At every step of the way there are barriers for women, people of varied ethnic back grounds, not just those of African descent, and 2SLGBTQIA+ people, both in the hiring mechanisms and in the culture that prevails on construction sites. One of the solutions that has been put forward is for there to be Human Rights Representatives in all unions on construction sites whose job is to respond to complaints around harassment, abuse and exclusion based on race, gender, or sexual orientation. The duty to uphold equity and fairness on worksites would be the prime role of these representatives, accountable to the membership of the union they represent. Each worksite could have a Human Rights committee consisting of the reps from each union on the site. Furthermore, given the fragmentary nature of construction sites, we need more workers in unions across all the trades on construction sites to work together in cross-sectional unity from below to ensure that worksites are safe for women, BIPOC and 2SLGBTQIA+ workers. Ultimately, any guidelines, rules or possible quotas would have to be enforced by activist workers fighting for unity against oppression and for inclusion. Connecting these networks to the community-based movements for racial justice is a path forward towards an anti-racist culture of inclusion.

Police finally act

On a December 7th press release, Toronto Police Services detailed mischief and criminal harassment charges against a member of IBEW L353, Jasan Lahay, for the placing of nooses on the MGH construction site. The release describes these charges as the result of their "hate-motivated mischief and criminal harassment investigation" which calls for appealing to the Attorney General to apply the hate crime designation "if necessary".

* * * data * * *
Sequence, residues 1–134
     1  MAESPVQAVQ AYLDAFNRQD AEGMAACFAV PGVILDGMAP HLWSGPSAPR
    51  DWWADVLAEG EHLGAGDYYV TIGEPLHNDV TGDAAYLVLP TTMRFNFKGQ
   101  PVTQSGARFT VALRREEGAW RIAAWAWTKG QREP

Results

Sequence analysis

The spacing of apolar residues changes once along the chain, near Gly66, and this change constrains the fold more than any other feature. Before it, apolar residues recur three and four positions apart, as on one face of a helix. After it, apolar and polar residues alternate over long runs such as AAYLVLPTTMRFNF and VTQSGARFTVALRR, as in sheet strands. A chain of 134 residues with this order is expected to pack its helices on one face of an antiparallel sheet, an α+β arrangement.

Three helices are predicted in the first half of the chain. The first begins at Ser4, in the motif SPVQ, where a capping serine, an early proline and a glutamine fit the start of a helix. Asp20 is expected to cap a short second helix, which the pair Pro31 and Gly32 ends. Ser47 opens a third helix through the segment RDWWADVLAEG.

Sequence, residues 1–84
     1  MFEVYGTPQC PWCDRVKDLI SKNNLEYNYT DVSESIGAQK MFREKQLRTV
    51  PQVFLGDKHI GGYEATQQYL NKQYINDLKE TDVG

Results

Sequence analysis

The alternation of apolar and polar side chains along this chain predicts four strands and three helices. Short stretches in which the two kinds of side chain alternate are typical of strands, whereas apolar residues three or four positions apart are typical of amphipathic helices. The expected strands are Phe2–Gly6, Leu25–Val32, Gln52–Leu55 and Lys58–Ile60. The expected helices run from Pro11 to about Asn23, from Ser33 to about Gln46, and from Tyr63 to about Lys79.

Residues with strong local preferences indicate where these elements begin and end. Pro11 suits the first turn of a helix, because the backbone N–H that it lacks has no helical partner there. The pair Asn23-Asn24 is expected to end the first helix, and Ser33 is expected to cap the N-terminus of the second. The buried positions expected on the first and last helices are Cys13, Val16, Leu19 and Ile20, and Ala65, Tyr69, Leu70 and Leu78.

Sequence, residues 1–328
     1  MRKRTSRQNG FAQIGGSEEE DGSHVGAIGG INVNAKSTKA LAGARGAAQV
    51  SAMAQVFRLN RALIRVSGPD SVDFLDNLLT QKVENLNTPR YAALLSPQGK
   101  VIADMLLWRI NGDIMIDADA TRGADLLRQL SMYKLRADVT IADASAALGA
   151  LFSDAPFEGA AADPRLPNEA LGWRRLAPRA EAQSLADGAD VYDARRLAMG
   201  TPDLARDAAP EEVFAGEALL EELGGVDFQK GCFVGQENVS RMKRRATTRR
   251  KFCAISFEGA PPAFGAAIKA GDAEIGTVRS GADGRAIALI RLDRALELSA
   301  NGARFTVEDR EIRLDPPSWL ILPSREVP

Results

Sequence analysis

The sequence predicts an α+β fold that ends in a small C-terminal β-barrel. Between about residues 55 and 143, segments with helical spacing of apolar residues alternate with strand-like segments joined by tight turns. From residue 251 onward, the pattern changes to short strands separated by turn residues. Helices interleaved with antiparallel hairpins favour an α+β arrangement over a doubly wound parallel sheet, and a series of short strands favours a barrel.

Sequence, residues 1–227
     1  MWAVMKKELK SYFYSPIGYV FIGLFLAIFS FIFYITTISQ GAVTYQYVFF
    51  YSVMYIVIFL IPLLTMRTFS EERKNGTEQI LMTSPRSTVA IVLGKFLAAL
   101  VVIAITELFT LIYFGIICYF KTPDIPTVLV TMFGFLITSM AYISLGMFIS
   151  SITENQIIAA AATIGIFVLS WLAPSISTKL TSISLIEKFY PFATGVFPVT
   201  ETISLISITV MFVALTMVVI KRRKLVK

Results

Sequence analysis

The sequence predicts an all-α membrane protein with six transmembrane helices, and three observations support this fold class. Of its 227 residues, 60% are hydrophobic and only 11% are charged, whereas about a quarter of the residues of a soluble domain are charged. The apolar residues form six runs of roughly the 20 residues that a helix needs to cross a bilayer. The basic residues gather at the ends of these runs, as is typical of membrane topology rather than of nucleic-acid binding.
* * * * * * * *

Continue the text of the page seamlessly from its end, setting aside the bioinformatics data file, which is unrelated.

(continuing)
Despite this downplaying by the police, it seems necessary to consider these hate crimes when considering the meaning of nooses for people of African descent: it is a threat of racist violence bringing to mind the anti-Black racism of the US South.

IBEW L353 member Kimoy Francique was "insulted as a Canadian of African descent. If it had been a swastika it would have been automatic charge of a hate crime. But when it's perpetrated on people of African descent it's just mischief."

This mirrors the culture on worksites that treats racism "as a joke".

Kimoy added that there "should have been 2 members held accountable" as a union representative on the site downplayed the seriousness of the act when it was drawn to their attention. The failure of the union local leadership to reacted quickly to bring their own members to account for these nooses, leaves it in the hands of the police.

While some union members understandably are calling for the simple expulsion of the perpetrator from the union, Kimoy disagreed. She sent a letter to the union's business manager against this measure, arguing that the union local needed to implement policies and mechanisms to ensure that these racist behaviours are addressed actively, that it was not just down to the behaviour of these workers and that individual workers needed to be given the chance to modify their behaviour before expelling them from the union.

Relying on the police for justice in these cases is problematic given the racist nature of these forces and their role in protecting the rights of bosses to employ scab labour - workers need to develop their own mechanisms to counter racism in the industry, whether by bosses or workers.